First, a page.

One of the best sources of practical knowledge on online community building is Anecdote from Australia. In Building a Collaborative Workplace, they discuss three types of collaboration – Team, Community and Network. As they say, “Our purpose is to provide an understanding of the type of culture required to support collaboration.”
Anecdote’s collaborative framework:
Peter Bond’s article, which I referred to in 2005, on Communities of Practice and Complexity is still worth reading to see how communities can be viewed from a biological perspective and that communities don’t have to continue forever:
This suggests that the process of CoP development be approached as if they were transitory organisational phenomena that may act, but only for a finite period, as the source of the motivation for change and as the vehicles for change.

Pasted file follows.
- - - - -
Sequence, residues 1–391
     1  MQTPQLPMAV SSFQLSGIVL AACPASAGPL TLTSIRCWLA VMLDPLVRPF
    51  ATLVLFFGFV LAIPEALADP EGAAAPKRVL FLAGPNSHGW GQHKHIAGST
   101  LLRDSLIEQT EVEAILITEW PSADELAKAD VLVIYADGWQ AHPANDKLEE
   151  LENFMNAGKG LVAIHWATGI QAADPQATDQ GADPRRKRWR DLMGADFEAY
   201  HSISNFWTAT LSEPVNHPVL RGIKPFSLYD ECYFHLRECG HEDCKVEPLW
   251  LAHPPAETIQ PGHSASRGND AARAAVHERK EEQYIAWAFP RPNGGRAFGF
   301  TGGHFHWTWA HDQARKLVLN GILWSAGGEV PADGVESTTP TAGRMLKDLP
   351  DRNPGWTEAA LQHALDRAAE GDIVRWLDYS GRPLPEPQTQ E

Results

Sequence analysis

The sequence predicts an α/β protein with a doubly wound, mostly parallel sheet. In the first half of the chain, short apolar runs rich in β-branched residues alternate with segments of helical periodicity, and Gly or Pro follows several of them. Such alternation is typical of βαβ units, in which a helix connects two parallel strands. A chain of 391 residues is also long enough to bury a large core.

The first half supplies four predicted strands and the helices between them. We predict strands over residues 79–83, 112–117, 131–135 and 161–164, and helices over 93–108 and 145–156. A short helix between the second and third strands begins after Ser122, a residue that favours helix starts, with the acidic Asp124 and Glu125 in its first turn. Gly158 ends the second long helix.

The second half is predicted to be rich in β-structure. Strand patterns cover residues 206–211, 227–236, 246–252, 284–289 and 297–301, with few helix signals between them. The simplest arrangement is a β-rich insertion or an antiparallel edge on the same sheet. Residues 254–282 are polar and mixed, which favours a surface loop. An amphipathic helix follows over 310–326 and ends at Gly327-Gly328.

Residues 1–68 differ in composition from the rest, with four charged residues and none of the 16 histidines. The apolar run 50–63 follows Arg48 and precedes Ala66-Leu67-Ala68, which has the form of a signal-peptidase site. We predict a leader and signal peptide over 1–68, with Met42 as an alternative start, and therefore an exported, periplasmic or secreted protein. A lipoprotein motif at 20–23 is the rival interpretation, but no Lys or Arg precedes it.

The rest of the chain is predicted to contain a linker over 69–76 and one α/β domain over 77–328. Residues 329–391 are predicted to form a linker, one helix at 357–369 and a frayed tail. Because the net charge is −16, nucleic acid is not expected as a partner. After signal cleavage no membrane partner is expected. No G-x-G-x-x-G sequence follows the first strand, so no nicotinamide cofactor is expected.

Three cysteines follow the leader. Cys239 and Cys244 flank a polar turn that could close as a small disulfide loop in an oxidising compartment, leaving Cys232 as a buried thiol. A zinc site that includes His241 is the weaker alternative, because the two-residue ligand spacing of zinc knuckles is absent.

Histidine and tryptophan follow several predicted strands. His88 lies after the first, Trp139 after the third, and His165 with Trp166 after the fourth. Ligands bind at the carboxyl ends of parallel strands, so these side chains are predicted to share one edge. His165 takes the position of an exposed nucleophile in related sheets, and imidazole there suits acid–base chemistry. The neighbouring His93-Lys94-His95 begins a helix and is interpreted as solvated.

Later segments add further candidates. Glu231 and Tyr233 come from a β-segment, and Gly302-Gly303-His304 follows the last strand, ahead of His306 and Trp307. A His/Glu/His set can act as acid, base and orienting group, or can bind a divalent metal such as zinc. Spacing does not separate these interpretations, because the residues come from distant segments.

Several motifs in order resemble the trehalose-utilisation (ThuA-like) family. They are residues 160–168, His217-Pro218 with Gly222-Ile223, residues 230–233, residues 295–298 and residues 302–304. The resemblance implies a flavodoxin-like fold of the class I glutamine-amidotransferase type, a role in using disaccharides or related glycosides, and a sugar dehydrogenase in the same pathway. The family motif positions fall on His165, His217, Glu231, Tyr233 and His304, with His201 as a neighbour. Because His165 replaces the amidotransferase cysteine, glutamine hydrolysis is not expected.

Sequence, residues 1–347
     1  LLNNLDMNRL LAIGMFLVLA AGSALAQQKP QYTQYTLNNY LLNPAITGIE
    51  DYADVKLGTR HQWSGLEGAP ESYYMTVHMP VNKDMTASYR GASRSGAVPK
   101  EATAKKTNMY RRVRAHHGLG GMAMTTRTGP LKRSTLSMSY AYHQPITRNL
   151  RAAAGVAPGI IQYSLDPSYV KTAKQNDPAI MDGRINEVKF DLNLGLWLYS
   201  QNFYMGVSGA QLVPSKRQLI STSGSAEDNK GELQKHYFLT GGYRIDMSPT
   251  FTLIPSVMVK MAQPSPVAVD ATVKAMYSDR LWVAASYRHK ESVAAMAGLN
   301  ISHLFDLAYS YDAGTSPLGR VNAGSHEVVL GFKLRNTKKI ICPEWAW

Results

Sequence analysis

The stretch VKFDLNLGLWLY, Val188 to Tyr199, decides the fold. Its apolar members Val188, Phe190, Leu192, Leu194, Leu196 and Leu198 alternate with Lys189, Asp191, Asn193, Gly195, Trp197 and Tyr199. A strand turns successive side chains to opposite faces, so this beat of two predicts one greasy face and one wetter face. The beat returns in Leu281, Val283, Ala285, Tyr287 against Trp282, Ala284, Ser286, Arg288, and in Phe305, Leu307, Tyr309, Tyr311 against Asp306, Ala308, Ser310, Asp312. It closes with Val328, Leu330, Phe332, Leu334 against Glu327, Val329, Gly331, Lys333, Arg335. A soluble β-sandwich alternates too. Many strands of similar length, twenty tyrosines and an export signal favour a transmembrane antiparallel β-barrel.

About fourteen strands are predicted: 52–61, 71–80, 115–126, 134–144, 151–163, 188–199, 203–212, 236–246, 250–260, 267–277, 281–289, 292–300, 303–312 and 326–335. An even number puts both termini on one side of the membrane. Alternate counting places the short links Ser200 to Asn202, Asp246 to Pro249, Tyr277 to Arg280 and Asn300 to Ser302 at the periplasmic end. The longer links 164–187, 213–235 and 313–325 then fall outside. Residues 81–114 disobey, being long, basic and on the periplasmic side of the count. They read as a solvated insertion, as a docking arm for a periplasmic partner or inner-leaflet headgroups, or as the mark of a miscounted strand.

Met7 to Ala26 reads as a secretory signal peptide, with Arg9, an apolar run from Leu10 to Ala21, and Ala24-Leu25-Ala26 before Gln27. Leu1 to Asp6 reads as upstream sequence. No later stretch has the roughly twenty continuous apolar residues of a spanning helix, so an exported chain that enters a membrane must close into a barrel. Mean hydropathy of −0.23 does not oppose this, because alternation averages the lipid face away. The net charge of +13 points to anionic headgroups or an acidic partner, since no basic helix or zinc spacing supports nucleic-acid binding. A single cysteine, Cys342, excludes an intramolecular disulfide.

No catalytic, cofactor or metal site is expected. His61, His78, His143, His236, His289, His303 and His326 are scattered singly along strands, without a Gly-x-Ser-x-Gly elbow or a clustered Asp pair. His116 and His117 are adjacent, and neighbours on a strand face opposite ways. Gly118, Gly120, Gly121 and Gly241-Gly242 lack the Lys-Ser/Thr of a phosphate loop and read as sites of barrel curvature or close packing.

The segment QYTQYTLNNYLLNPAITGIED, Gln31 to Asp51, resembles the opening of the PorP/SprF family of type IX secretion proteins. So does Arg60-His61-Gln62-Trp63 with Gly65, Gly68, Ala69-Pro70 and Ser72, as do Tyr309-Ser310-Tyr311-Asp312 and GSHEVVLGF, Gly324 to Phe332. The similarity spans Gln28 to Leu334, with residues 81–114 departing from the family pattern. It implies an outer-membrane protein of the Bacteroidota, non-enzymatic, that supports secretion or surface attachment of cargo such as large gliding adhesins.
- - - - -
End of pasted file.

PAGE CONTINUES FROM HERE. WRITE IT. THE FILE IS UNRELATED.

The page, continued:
My 2006 post on the failure of online communities has some good comments and is worth a read if you’re thinking of setting up an online community. I also posted on an unsuccessful community of practice case study. Even with these failures, some think that we may be hard-wired for collaboration (good comments on this one).
Last year I used the Company Command model for a community of practice prototype. The advice on who to get involved in building it was useful:
- Initial Core Team of two or three people who desire to share knowledge.
- Early Adopters who are members of the community that you are serving, especially those who are already well-connected.
- Mavens with deep knowledge in an area that is valued by the members.
For anyone interested in the technology, I discussed how to select social network platforms as we were conducting our Work Literacy workshops. A wider variety of tools are listed on Robin Good’s Mind Map of best online collaboration tools.